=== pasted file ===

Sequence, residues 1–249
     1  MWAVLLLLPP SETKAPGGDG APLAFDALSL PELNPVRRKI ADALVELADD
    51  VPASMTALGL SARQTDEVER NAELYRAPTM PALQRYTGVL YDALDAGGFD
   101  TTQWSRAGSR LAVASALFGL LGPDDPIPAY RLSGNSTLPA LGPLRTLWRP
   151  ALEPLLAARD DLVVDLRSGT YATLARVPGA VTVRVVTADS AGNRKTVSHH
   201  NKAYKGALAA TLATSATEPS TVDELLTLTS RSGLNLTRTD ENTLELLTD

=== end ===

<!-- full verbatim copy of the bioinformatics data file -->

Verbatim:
Sequence, residues 1–249
     1  MWAVLLLLPP SETKAPGGDG APLAFDALSL PELNPVRRKI ADALVELADD
    51  VPASMTALGL SARQTDEVER NAELYRAPTM PALQRYTGVL YDALDAGGFD
   101  TTQWSRAGSR LAVASALFGL LGPDDPIPAY RLSGNSTLPA LGPLRTLWRP
   151  ALEPLLAARD DLVVDLRSGT YATLARVPGA VTVRVVTADS AGNRKTVSHH
   201  NKAYKGALAA TLATSATEPS TVDELLTLTS RSGLNLTRTD ENTLELLTD